The Drug Czar’s “blog” (where EVERY day is Tuesday!) reported today (Tuesday, March 4): “A Wake-Up Call: Admissions to Treatment for Marijuana use Increases Sharply”
The startling data:
Admission rates for primary marijuana increased nationally by 162 percent between 1992 and 2002
The report serves as a “wake-up call” for parents and young people who still view marijuana as a so-called “soft drug.”
The one little bitty problem is that there isn’t a single shred of evidence that supports their conclusion.
Fortunately, for a little better perspective, the Drug Czar touted this AP article, which had the integrity to get some proper perspective:
Advocates of legalizing marijuana disagreed, saying the trend was largely due to an increase in marijuana arrests and had almost nothing to do with more people seeking treatment because they thought their own health was at risk.
“They have the option of going into treatment for marijuana or going to jail,” said Paul Armentano, senior policy analyst for the National Organization for the Reform of Marijuana Laws.
FBI records show a substantial increase in marijuana-related arrests during the decade studied, from about 340,000 in 1992 to about 700,000 in 2002.
If treatment was actually needed for severe addiction based on marijuana use (which is contrary to all scientific data that shows marijuana only triggers mild dependency at most), then where is the data that shows that these people really are suffering from addiction problems (as opposed to just having marijuana listed on their intake form).
Well, SAMHSA spokesperson Leah Young had it all covered with this snappy comeback:
“Being forced into treatment does not indicate you don’t need it.”
Yeah, and being a spokesperson doesn’t mean you know what you’re talking about.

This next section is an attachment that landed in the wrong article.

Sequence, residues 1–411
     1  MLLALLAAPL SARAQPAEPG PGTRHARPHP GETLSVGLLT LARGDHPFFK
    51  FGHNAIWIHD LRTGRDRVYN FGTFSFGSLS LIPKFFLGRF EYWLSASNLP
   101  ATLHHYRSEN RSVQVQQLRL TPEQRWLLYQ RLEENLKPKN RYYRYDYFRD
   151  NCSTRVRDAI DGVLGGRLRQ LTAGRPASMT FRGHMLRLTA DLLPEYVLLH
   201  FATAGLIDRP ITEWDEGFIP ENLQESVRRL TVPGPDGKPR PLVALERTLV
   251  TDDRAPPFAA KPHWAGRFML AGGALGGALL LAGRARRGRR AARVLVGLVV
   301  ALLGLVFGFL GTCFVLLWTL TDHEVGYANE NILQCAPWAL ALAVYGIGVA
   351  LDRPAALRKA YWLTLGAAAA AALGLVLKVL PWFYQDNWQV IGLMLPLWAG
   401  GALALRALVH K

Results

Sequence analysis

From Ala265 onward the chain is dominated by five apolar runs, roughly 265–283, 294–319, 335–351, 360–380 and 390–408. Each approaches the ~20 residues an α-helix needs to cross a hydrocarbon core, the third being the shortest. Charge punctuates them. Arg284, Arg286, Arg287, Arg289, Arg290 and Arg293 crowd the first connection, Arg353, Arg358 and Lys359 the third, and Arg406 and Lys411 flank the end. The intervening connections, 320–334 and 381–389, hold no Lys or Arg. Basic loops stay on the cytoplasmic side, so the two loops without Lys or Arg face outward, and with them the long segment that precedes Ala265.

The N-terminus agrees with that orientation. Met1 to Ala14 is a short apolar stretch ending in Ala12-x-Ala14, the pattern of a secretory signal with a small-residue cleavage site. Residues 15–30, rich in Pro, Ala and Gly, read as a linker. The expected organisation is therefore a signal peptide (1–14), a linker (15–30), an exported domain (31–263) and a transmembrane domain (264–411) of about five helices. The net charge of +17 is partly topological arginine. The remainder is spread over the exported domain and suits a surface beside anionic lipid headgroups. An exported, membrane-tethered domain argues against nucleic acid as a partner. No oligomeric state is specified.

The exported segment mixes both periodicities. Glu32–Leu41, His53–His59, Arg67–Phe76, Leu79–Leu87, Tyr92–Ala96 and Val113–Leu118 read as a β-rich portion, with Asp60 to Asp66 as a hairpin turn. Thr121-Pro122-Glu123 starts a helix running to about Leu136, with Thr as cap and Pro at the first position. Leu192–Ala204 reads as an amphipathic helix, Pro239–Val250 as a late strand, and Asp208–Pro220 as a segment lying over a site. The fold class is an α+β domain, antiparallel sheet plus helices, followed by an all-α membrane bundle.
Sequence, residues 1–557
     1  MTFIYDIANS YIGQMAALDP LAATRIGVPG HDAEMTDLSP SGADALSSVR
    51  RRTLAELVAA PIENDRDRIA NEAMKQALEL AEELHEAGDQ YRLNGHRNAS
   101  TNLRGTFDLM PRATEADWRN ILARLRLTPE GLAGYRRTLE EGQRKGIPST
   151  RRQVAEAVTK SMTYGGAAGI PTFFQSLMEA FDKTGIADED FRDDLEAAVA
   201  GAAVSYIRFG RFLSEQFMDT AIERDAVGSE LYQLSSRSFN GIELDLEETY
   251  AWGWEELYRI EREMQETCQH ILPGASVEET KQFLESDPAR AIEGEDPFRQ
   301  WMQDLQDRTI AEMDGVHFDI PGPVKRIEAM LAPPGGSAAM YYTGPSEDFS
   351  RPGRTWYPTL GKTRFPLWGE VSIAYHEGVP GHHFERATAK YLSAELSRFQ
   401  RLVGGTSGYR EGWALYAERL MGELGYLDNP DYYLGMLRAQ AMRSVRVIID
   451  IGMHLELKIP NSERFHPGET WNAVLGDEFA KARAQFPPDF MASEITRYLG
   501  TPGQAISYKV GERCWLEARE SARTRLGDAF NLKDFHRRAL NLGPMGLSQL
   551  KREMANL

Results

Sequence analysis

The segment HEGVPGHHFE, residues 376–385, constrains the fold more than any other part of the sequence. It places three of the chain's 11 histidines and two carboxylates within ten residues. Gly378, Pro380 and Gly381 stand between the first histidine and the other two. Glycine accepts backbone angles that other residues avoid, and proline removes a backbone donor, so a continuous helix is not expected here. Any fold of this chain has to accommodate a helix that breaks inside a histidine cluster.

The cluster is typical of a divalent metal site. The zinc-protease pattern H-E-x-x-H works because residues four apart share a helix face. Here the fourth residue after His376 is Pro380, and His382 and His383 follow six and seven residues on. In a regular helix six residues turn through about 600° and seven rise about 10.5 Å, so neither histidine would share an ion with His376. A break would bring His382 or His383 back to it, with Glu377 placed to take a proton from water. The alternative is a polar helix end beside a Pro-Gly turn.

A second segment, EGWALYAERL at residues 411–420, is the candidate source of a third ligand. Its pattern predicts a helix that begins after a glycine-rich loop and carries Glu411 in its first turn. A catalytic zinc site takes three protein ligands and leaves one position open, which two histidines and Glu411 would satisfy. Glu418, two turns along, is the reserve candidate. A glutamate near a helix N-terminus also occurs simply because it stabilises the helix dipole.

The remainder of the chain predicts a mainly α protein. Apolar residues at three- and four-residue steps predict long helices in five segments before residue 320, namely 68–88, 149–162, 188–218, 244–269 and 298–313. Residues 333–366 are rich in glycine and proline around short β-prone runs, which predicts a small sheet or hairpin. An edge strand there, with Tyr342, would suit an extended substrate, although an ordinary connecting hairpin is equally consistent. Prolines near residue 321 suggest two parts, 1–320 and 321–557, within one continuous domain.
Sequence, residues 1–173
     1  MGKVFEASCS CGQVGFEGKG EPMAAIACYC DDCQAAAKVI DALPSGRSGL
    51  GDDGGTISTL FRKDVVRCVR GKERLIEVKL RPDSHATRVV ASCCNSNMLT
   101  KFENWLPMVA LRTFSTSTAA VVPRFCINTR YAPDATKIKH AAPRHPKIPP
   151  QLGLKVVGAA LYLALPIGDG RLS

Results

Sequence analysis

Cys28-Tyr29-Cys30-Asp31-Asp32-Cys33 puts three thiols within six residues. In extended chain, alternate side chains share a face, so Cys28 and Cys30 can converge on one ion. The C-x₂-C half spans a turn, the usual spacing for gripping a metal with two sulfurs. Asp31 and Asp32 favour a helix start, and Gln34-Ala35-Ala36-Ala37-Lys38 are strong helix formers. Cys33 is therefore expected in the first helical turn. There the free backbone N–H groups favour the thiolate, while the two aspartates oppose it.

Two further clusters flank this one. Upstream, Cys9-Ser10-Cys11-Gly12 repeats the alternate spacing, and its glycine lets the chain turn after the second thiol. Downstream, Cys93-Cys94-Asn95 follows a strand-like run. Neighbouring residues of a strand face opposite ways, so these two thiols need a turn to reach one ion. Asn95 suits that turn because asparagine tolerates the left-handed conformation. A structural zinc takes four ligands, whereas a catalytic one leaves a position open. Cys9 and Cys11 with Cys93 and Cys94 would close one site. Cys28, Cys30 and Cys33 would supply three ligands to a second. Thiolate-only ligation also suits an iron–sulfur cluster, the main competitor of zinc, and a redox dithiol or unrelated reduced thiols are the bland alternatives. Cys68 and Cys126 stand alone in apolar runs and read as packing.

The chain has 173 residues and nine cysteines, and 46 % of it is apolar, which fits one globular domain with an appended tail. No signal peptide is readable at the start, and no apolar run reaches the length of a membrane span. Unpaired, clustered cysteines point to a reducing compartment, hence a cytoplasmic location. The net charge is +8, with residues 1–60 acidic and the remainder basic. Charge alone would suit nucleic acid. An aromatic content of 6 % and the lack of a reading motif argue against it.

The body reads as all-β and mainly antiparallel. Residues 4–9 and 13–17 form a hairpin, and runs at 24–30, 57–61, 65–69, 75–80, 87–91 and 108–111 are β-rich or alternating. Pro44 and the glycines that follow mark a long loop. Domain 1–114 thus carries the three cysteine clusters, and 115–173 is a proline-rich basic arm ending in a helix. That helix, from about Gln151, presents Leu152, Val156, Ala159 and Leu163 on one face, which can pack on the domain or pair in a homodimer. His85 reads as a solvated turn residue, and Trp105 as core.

The sad thing about this is that massive amounts of resources are going to “treat” tons of people with a mild dependency similar to, or lesser than, caffeine simply because they got caught with a joint.
Of course the treatment industry is having a ball. If marijuana treatment admissions increased 162%, so has their income. Since the treatment industry depends on marijuana admissions for its livelihood, any change in status would threaten their financial health. Legal marijuana would probably reduce their admissions by 50%.
This helps to explain why people like Andrea Barthwell and Peter Bensinger (two of the drug war pushers who have been opposing medical marijuana in Illinois) are so keen to block any change to the legal status of marijuana. They are financially tied to treatment and its related industries.
Andrea Barthwell has huge ties to the treatment industry, including her Encounter Medical Group, which has provided services to the Cook County Juvenile Drug Court Program since 1977.
Peter Bensinger (former DEA head), joined forces with fellow drug prohibitionist Robert DuPont and created Bensinger, Dupont & Associates. The company has provided a variety of services to business and government, including drug testing and substance abuse consulting. Their clients include U.S. Customs Service, the U.S. Department of Transportation, they U.S. Department of Justice, the U.S. Postal Service, and the Illinois State Police. Their reported revenues in 2000 were $3,900,000. A 2003 report estimates sales at $28,900,000. Nice increase.
The drug czar cannot continue to spout these treatment statistics as if they support his position. Anything more than a surface reading raises more questions about the government’s relationship to monied interests than any real concerns about the dangers of marijuana.
Even on Tuesday.
Update: Just as a reminder, I’ve covered these statistic games by the Drug Czar before in detail. Treatment Statistics or, The Drug Czar is Lying to You. This is where you can dig into the details and find numbers that come at least a little bit closer to revealing the truth.
Example: Let’s take a look at how many are in treatment because they decide that they have a problem (This would also include cases where the parents or other family members decide the person has a problem and refers them to treatment). That would be a much more interesting figure. Well, only 16.6% of those in treatment for marijuana were self/family referred. 31.2% of those in treatment for alcohol were self/family referred, and 63.4% of those in treatment for heroin were self/family referred.
In total, of all people in treatment only 2.5% are self/family referred for marijuana use.